In the previous chapter you learned something about how to draw 3D geometry, but there's a lot more to a 3D game than drawing a few triangles. Even a relatively boring 3D game has characters, interesting environments, dynamic objects, and a few special effects here and there.
In a way, this chapter brings many concepts and source code that you've seen throughout the book together in one piece. I'm not going to fool you into thinking that by the end of this chapter you'll have the beginnings of a game that will beat the pants off of Bungie's Halo—one of my favorite games by the way. You will, however, develop the knowledge on how a prototype for a 3D game engine gets its start. With any luck you'll end this chapter with a healthy respect for the programmers that build 3D engines.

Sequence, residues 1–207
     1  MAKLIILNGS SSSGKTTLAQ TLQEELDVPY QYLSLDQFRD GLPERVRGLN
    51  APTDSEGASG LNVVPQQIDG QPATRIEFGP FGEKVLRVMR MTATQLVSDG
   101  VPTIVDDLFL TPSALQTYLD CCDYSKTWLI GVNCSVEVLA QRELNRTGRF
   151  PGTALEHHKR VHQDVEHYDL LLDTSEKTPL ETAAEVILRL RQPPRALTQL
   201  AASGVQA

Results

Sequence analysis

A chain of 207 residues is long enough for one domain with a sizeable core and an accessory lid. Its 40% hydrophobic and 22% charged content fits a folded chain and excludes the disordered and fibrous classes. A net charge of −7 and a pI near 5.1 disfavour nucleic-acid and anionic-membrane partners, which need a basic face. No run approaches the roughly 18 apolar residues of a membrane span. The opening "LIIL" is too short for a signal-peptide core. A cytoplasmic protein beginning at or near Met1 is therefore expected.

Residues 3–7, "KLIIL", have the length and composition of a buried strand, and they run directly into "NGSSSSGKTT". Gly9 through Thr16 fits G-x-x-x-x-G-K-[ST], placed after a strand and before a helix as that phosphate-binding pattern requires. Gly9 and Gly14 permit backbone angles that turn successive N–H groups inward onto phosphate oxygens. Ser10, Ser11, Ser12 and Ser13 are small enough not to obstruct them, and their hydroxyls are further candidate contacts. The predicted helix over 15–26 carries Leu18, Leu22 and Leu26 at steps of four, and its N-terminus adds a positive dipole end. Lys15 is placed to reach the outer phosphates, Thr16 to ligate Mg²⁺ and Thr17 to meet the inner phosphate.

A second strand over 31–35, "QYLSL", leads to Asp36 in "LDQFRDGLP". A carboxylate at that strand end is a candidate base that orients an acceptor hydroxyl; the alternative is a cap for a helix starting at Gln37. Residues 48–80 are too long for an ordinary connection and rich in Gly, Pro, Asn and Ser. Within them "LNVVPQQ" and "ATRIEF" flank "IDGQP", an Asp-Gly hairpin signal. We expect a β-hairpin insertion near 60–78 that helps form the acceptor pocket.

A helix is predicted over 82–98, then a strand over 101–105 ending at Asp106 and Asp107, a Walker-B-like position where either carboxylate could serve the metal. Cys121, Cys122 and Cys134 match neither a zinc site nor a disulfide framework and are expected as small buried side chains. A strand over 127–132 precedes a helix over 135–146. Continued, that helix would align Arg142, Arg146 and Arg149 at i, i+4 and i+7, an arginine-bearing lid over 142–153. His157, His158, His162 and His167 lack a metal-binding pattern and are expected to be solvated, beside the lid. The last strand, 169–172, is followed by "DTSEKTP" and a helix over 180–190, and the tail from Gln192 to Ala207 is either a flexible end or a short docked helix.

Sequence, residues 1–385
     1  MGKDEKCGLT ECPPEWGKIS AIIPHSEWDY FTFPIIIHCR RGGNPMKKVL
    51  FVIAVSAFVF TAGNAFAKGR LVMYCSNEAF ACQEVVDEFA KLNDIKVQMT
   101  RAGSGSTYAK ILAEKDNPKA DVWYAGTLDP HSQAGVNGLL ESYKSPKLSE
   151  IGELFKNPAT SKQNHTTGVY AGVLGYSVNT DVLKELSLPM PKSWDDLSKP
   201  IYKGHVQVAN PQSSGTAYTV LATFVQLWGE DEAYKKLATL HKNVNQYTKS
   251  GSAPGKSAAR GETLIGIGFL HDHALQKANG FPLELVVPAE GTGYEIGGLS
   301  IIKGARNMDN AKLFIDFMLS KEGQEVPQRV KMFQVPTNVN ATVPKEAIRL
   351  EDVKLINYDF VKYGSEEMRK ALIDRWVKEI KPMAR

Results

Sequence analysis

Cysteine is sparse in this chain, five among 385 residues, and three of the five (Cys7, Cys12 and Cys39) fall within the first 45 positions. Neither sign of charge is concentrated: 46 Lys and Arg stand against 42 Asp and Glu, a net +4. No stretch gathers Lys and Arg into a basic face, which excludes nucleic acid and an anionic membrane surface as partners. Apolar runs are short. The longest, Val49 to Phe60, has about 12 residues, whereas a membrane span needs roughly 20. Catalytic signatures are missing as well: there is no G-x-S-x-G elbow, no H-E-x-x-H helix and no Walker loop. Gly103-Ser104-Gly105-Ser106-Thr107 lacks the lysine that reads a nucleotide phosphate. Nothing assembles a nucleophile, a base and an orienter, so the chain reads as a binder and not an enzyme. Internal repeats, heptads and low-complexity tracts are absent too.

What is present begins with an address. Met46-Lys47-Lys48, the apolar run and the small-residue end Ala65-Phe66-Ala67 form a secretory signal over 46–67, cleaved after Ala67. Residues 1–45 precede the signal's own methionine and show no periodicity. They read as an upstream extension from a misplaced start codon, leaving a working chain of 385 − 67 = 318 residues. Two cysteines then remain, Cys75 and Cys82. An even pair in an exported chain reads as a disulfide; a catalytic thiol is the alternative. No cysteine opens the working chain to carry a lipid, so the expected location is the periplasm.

If you haven't done it already, create a new Direct X 9 Visual C++ project, and if you want your code to look just like mine, call the project SceneGraph. The code I'll be presenting in this chapter will plug straight into the project the DirectX 9 wizard spits out. When you create the project, make sure you create a single document window, and clear the checkboxes for everything except Direct3D. The project will be a little cleaner and we can concentrate on Direct3D.
When the project is created, follow these steps:
Open SceneGraph.h, and delete all references to m_UserInput, m_fWorldRotX, m_fWorldRotY, m_pD3DXMesh and void UpdateInput( UserInput* pUserInput ).
Recompile and fix all the errors. When you run your project you should see nothing but a blank blue field with yellow text.
Using your favorite paint program and the DirectX Texture Tool; create a Grid.dds file into a new Textures directory. It should be a 128x128 texture, with a black outline and a white background.
Use the smart pointer class described in Chapter 3. Put it in a SmartPtr.h file.
Now you are ready to create a scene graph based 3D engine, using the DirectX renderer.